*Editor’s Note: On March 4, Russia enacted a law that criminalizes public opposition to, or independent news reporting about, the war in Ukraine. The law makes it a crime to call the war a “war” rather than a “special military operation” on social media or in a news article or broadcast. The law is understood to penalize any language that “discredits” Russia’s use of its military in Ukraine, calls for sanctions or protests Russia’s invasion of Ukraine. It punishes anyone found to spread “false information” about the invasion with up to 15 years in prison.
The world’s press erupted with messages about the Ukrainian president’s visit to the United States in the middle of the night in Moscow, which appeared to surprise nearly everyone. The trip looked more like a special operation involving the White House, given President Joe Biden’s personal interest in his visitor.
Ukraine President Volodymyr Zelenskyy’s visit to the U.S. was his first trip overseas since the beginning of the special military operation, with the exception of his appearances in territories that Russia claims as its own (including Kherson and Artemovsk in the Donetsk People’s Republic).
This visit was not announced, which is normal with military actions. More surprisingly, there were no leaks to the press: Not a single source spilled the beans, despite the fact that the largest Western media outlets are ready to pay for exclusive information from Kyiv.
On Tuesday night these “sources” started talking at the same time. Several publications at once claimed that Zelenskyy departed to the U.S. from NATO’s Ramstein Air Base in Germany on board a U.S. military plane.
That contributes to the theory that only a very narrow circle of people knew about the visit, and the final decision on proceeding was made relatively recently -– according to the principle that posits yesterday was too early, tomorrow’s too late; the reference to “late” meaning that the House of Representatives will have a Republican majority in January.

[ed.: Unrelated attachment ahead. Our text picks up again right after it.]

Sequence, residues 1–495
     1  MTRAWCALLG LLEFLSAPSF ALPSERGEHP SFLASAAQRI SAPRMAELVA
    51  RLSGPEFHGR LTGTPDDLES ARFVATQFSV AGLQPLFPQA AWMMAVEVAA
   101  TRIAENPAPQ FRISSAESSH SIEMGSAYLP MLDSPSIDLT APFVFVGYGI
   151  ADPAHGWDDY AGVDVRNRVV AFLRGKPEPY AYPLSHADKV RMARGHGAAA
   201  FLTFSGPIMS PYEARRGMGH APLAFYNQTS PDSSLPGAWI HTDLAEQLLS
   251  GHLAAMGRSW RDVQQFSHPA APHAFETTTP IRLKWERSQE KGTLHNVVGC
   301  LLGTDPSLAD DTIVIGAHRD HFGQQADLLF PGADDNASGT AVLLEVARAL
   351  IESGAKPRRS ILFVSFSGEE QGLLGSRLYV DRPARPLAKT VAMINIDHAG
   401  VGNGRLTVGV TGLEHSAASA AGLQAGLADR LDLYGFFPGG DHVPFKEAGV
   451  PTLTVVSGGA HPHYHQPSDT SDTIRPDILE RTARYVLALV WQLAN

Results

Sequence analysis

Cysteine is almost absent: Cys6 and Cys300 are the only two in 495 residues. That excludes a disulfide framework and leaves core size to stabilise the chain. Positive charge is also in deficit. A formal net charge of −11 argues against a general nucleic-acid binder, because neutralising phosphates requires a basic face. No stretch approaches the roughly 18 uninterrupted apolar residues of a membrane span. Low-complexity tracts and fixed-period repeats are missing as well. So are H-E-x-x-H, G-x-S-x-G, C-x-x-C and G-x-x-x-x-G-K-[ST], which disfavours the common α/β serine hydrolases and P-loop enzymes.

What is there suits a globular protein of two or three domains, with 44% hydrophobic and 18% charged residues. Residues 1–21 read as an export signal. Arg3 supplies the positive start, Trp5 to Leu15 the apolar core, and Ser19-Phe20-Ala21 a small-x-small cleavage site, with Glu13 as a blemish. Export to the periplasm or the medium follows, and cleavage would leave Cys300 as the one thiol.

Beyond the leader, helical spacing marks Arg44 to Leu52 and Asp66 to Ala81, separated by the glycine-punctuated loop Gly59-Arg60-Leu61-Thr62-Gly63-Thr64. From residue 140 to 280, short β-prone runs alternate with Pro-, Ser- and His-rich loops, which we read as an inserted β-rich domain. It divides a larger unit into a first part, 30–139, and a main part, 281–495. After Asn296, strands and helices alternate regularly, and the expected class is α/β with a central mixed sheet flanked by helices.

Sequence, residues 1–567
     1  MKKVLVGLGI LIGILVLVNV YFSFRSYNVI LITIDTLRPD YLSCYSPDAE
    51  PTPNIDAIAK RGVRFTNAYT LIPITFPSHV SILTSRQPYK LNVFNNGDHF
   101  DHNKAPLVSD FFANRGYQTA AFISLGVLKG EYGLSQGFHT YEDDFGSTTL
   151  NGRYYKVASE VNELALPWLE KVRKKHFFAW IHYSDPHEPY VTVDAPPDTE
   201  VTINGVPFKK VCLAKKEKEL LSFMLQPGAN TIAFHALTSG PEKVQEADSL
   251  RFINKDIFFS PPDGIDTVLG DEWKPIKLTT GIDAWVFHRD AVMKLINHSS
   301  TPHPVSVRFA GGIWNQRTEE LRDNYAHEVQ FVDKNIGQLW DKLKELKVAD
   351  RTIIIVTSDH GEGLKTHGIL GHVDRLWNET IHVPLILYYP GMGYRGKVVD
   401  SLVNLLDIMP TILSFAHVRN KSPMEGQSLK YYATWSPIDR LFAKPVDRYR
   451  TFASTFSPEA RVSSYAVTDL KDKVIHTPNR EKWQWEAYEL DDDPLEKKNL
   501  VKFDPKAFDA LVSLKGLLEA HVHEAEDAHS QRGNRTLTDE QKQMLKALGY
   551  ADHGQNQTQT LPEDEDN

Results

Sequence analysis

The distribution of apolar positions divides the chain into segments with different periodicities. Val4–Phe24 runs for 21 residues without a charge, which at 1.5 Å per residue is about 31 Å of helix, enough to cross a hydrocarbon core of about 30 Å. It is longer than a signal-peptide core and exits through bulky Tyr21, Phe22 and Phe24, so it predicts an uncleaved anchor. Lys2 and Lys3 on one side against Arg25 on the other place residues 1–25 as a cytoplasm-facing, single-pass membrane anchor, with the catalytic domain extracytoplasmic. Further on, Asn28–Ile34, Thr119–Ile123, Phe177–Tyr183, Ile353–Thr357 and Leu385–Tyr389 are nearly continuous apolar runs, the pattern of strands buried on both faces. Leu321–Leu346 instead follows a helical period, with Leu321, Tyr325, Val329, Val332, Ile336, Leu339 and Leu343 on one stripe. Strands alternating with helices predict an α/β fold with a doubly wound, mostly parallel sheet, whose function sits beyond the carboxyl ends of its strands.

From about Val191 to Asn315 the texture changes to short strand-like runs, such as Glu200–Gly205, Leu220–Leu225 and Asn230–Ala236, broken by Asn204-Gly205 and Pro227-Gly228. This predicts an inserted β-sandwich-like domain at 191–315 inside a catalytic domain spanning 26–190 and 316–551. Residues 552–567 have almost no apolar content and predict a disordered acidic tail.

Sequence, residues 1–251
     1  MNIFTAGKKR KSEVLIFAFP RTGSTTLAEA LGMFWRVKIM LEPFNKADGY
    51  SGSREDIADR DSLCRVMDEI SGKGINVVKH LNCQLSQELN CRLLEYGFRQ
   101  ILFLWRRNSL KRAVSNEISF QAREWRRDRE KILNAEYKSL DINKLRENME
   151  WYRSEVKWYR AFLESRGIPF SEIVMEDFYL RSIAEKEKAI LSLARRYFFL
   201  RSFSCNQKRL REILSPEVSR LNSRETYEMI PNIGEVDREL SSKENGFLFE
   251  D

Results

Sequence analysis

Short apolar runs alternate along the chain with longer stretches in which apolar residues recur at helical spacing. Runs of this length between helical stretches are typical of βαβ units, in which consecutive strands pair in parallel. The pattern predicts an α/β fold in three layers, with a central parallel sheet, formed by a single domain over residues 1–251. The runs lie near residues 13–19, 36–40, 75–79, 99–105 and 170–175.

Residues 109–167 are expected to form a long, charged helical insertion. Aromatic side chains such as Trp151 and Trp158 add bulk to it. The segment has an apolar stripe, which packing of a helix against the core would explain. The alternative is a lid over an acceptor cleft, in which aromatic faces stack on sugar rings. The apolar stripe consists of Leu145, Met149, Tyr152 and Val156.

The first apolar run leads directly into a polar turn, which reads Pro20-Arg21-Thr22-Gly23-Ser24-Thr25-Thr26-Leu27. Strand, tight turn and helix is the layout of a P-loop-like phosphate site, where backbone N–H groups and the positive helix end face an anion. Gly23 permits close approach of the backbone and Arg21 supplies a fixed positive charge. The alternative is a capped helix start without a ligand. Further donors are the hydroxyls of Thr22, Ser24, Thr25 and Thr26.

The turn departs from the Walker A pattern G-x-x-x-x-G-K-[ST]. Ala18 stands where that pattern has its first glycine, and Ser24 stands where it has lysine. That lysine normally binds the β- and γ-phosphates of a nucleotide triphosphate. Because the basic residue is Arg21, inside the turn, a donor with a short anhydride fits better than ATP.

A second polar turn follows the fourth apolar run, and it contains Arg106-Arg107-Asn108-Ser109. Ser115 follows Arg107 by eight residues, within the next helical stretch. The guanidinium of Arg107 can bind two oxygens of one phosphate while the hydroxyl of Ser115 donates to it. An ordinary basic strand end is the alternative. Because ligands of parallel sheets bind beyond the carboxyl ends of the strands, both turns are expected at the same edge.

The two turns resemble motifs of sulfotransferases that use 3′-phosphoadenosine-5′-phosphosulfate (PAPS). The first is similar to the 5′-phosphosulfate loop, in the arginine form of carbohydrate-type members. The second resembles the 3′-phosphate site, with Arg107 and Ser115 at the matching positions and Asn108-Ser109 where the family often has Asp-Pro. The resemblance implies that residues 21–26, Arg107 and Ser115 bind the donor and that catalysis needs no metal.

Some GOP elephants (this massive animal being the symbol of the Republican Party) are already sharpening their knives for Ukrainian aid programs saying they are ineffective and excessive.
Unfortunately, that doesn’t mean subsidizing the Ukrainian regime has come to an end, although it’s the House of Representatives that is responsible for federal budget matters in the U.S. However, its new management is unlikely to be very lenient when it comes to Biden’s policy of diplomacy and spending, no matter what form it takes.
Departing Democratic House Speaker Nancy Pelosi asked members of Congress to appear in the House chamber on Wednesday. It’s expected that Zelenskyy will deliver a speech before both houses of Congress.** His meeting with Biden was also announced, but his speech to Congress is a much more important event. Interestingly, it’s more important for both Zelenskyy and Biden.
Zelenskyy’s goals are obvious: more money, more weapons, more anti-Russian sanctions. He has to convince skeptics on Capitol Hill to refrain from being greedy. The media have thrown around a sum of $45 billion the Ukraine’s president will allegedly ask for.
Biden needs Zelenskyy not as a politician in this situation, but as an actor whose task is to soften, inspire and in some way justify the Washington and Kyiv’s policy on Russia.
Bankova Street and the White House are united in the view that this is no time for peace talks. UK Prime Minister Rishi Sunak recently confirmed that he holds the same position, as do many in the countries of Eastern Europe.
But the Western European Union, especially Berlin and Paris, is encouraging the parties to give diplomacy a chance. A riot is brewing. The Germans and the French are quite tired of spending money on Ukraine and of the costs of opposing Russia — and most of all, of the complete uncertainty about how long this will continue.